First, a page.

Nigel Lythgoe: “committing suicide is both stupid and selfish”

Nigel Lythgoe (Photo by Brooklin Rosenstock/FOX)

Nigel Lythgoe (Photo by Brooklin Rosenstock/FOX)

In a series of extended tweets, So You Think You Can Dance judge and executive producer Nigel Lythgoe has responded to criticism of his comment on last night’s show about the suicide of two friends; now, he’s doubled down on what he said, writing that “committing suicide is both stupid and selfish.”

For a counterargument, read this therapist and suicide survivor’s essay There’s Nothing Selfish About Suicide, and if you need to talk to someone, call the Suicide Prevention Lifeline at 1-800-273-8255.

During judging of Ricky and Kathryn’s Stacey Tookey-choreographed dance to “Not About Angels,” Nigel discussed his interpretation of the dance as about suicide; as Previously.TV’s recap says, Tookey earlier “said Ricky’s character had ‘hit rock bottom’ and couldn’t ‘get back up.'” According to The Wire’s recap, Nigel revealed that two of his friends had been lost ‘through suicide and through stupidity.”

Today, he wrote this over three posts (1, 2, 3):

I will not even begin to defend my feelings toward suicide. The belief that life is not worth living is wrong. The belief that there is no-one out there to help you is wrong. The defense of suicide victims is wrong. The devastation that is left behind with family and friends is wrong! I repeat taking away your pain by committing suicide is both stupid and selfish!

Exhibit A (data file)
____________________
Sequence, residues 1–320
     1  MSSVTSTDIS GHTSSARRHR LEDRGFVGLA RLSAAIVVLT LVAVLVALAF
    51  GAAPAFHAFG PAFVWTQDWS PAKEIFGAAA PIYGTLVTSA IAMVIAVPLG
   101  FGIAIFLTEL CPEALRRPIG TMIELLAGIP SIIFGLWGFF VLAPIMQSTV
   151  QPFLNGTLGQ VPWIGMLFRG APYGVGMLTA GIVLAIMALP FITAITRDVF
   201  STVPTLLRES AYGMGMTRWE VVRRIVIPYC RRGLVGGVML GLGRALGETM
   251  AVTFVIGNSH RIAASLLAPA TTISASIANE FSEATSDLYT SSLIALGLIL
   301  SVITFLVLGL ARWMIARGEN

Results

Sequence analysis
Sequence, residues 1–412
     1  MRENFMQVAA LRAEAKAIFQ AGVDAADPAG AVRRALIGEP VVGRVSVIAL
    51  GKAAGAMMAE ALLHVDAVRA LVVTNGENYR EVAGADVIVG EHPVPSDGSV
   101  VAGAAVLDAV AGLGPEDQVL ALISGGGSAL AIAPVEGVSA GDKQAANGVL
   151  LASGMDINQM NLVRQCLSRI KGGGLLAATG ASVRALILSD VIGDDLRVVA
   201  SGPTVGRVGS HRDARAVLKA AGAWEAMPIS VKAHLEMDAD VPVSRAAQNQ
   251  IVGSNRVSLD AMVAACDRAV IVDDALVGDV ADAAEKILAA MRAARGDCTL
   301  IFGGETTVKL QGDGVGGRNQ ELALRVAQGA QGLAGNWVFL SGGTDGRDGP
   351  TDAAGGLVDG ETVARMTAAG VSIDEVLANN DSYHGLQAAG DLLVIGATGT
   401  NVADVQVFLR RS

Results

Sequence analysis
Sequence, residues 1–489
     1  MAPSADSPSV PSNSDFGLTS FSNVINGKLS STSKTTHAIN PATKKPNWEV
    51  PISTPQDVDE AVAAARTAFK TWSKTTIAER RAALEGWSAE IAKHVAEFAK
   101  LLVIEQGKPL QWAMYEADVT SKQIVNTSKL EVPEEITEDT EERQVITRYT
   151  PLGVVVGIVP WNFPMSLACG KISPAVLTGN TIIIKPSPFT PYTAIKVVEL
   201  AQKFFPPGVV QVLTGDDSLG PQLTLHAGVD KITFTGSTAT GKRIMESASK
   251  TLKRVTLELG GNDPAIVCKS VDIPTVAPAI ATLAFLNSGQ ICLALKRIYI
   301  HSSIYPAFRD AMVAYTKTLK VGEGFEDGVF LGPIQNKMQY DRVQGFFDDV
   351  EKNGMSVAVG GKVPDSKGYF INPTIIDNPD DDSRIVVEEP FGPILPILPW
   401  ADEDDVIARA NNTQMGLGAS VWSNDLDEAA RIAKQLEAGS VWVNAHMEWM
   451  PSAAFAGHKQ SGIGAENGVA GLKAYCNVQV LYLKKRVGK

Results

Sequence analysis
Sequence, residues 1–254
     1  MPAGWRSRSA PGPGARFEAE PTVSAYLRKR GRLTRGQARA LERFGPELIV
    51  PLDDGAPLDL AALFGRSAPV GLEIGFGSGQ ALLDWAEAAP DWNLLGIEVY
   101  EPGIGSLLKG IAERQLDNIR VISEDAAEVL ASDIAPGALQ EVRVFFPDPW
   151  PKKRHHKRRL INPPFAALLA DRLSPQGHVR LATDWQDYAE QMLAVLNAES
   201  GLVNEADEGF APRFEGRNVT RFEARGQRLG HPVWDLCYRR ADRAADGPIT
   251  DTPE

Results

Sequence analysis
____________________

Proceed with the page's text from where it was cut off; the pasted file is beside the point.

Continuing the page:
To keep on making excuses for people who commit suicide rather than helping them realize they are not alone. Helping them understand how precious their life is to you as well as to them is wrong. It’s easy to wash your hands and say they were mentally ill, nothing I could do. Your wrong!!!

My last word on this, of course not all suicides can be stopped. Because a mentally ill person is incapable of judgement does not make the act of suicide any less stupid or selfish. If one person can be saved, if one life can be turned around by letting them know someone is there for them, and I know a few that have been, then that’s all we can do!

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about the writer

Andy Dehnart is a journalist who has covered reality television for more than 15 years and created reality blurred in 2000. A member of the Television Critics Association, his writing and criticism about television, culture, and media has appeared on NPR and in Playboy, Buzzfeed, and many other publications. Andy, 36, also directs the journalism program at Stetson University in Florida, where he teaches creative nonfiction and journalism. He has an M.F.A. in nonfiction writing and literature from Bennington College. More about reality blurred and Andy.